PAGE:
The Iranian Army’s Ground Forces carried out a military exercise in the country’s north-western border areas on Sunday, a drill that involved infantry, artillery, and armoured units, as well as drone squads.
The Tasnim news agency cited Ground Forces Commander Brigadier General Kiomars Heidari as saying after the exercises that the force had “undergone major changes and turned into an agile offence force with rapid reaction capabilities”.
Heidari touted the simulated military operations conducted during the war games to drill new combat tactics, warning that the Ground Forces would immediately react to any possible act of aggression against the Islamic Republic.
He spoke a few days after Iran staged air defence drills codenamed the Guardians of the Sky Velayat-99, which involved units of both Iran's conventional military and the country’s elite Islamic Revolutionary Guard Corps (IRGC).
Iranian military spokesman Abbas Farajpour said that the war games’ goal was to "prevent any encroachment, aggression or encroachment on the country's air borders”.
In a separate development this week, Mohammad Pakpoor, an IRGC brigadier general, said that security is in place in Iran amid the ongoing Nagorno-Karabakh conflict, which involves Tehran’s immediate neighbours Armenia and Azerbaijan.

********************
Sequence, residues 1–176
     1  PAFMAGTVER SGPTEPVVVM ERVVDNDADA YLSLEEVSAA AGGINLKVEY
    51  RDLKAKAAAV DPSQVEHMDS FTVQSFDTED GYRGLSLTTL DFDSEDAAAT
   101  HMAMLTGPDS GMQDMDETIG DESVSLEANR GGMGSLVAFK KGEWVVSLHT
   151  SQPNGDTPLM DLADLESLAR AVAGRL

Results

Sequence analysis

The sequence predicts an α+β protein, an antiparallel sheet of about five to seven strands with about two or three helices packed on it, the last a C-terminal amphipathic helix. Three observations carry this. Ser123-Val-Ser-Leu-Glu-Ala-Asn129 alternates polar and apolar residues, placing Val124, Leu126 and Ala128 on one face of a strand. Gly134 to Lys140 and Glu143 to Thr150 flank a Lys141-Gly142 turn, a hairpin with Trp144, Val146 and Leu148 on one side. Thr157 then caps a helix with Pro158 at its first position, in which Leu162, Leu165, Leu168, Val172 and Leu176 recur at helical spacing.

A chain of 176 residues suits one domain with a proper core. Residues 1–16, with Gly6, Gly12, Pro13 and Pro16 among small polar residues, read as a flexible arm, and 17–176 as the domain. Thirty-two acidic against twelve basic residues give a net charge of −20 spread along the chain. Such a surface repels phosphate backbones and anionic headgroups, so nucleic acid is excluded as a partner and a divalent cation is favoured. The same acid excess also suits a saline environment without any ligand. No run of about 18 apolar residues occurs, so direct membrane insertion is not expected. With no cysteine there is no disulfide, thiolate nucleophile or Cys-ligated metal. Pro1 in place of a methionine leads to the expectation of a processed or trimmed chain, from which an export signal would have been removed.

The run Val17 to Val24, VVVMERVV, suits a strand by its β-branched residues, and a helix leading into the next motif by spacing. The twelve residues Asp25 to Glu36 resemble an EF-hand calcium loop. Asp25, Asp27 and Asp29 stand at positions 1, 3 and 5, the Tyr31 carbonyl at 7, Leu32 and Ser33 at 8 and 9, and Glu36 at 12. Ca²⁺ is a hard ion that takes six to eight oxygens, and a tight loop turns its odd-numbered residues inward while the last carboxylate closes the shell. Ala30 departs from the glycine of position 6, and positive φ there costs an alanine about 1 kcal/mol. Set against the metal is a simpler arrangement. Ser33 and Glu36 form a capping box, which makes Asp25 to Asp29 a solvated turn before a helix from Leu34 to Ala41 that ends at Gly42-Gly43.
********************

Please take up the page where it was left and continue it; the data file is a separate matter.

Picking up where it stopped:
"Although a number of shells fired in the Karabakh dispute have hit the Iranian soil, security prevails along the borders and there is no threat to the country", the general pointed out.
The statement was preceded by Iranian military spokesman Abolfazl Shekarchi pledging that "Iran will give a tough response to any form of threat and violation", and urging Baku and Yerevan to resolve their dispute peacefully and through dialogue.
This followed Tehran sending on 7 October formal diplomatic notes of protest to both Armenia and Azerbaijan about stray missiles and shells making their way into Iranian territory. The Islamic Republic warned that Iran would resort to "measures stronger than warnings" if the stray fire didn't stop.
The decades-old conflict escalated into large-scale fighting on 27 September, when Armenia and Azerbaijan accused each other of launching artillery, missile, and air strikes in Nagorno-Karabakh, an Armenian-majority region, where tensions had been in place since 1988 and finally resulted in the region declaring independence amid the breakup of the Soviet Union in 1991.
Between 1992 and 1994, Yerevan and Baku fought a brutal war for the territory that claimed the lives of over 30,000 people, also displacing at least 1.1 million others. Thousands more have been killed in the conflict’s frequent flare-ups since then.
The conflict is still underway despite two ceasefire deals between Baku and Yerevan that was mediated by Russia earlier in October.